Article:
Bicycle Thieves (1948)

Original Title

Ladri di biciclette




Vittorio De Sica




Lamberto Maggiorani, Enzo Staiola, Lianella Carell, Elena Altieri, Gino Saltamerenda, Vittorio Antonucci, Giulio Chiari, Michele Sakara, Fausto Guerzoni, Carlo Jachino, Massimo Randisi, Ida Bracci Dorati, Peppino Spadaro, Mario Meniconi, Checco Rissone, Giulio Battiferri, Sergio Leone, Memmo Carotenuto


In postwar Italy, Antonio Ricci (Lamberto Maggiorani) has been workless for two years when he is offered a job hanging up posters. But soon his bicycle is stolen and, along with his son (Enzo Staiola) walks the streets of Rome looking for the bicycle.


What can I say about "Bicycle Thieves" that hasn't been said already? Okay, maybe I should approach this differently. What can I say about this film that does it justice? Well, let me see. It is a simple yet powerful film. It is a heartbreaking masterpiece of Italian neo-realism. It is simply one of the best films ever made. A film that every movie lover should watch.

In only 1 hour and a half, Vittorio De Sica does a lot of things. He shows how important yet hard it is to find a job in the immediate postwar, he shows a country, Italy in this case, in a moment of transition and he beautifully portrays the relationship between a father and his son, all while telling the simple story of a man fighting against society while pursuing justice.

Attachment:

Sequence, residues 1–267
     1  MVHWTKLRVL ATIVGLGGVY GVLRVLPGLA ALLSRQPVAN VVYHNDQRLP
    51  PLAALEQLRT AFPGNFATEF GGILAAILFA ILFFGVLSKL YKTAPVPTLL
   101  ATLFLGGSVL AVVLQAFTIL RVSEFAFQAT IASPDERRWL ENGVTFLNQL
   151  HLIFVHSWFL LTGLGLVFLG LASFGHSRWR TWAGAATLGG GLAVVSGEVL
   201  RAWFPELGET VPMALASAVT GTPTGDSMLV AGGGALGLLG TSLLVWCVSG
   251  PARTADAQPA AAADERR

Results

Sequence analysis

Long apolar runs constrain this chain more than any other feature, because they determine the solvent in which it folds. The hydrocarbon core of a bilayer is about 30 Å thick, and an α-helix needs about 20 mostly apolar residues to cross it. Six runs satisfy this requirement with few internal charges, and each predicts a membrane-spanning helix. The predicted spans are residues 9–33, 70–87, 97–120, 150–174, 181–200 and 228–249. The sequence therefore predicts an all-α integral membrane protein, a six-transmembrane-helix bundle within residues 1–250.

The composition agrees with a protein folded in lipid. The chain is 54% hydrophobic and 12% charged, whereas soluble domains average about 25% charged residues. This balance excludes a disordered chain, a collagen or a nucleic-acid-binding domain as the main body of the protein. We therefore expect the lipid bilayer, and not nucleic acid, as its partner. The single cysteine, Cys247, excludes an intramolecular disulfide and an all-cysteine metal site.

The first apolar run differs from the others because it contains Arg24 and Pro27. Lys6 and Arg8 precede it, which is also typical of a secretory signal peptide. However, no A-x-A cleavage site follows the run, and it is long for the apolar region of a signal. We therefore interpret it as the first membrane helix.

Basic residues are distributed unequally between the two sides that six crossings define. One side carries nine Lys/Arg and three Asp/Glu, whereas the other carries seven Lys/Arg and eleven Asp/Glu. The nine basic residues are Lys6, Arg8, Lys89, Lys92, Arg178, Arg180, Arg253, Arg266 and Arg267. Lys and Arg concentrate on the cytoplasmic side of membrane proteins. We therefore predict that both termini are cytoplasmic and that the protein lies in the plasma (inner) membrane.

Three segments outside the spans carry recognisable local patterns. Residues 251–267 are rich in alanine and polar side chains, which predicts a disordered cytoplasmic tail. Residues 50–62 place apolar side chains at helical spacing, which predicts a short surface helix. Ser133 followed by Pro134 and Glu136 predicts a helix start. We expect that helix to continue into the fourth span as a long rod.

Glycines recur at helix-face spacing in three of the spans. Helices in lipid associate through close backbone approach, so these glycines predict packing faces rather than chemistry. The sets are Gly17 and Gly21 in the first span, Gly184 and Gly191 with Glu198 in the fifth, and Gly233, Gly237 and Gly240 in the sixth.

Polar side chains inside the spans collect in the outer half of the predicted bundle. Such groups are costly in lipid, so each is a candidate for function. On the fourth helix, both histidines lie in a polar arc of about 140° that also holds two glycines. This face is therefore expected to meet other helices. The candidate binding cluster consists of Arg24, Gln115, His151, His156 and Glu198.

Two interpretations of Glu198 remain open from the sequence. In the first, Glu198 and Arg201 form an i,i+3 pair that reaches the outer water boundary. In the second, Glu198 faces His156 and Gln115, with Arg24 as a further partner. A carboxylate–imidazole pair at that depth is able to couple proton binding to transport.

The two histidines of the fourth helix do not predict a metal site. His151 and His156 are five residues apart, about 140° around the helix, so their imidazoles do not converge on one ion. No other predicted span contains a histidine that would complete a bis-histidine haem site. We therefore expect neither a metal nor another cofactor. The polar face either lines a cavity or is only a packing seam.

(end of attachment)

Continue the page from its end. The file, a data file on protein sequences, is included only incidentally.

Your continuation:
De Sica also does make a great social commentary of a country that either isn't working or is working against you, and captures the Italian reality very well. Sadly nothing has changed ever since, it's the same reality we, Italians, face today, with unemployment through the roof and men deprived of their dignity.

De Sica masterfully directs every scene and with an emotionally detached camera shows the postwar Italy in a dramatic yet authentic way, without pointless pity. So "Bicycle Thieves" is not just the drama of a man, but the drama of a whole nation that despite everything still has hope for the future.

At last but not least there's the cast. I didn't say actors because De Sire chose real people, not actors, to portray the character in the film, providing the film with further realism. As I was saying, the cast does a wonderful job, from Lamberto Maggiorani in the role of the family man to, and especially, Enzo Staiola who plays Maggiorani's son with such genuinity.

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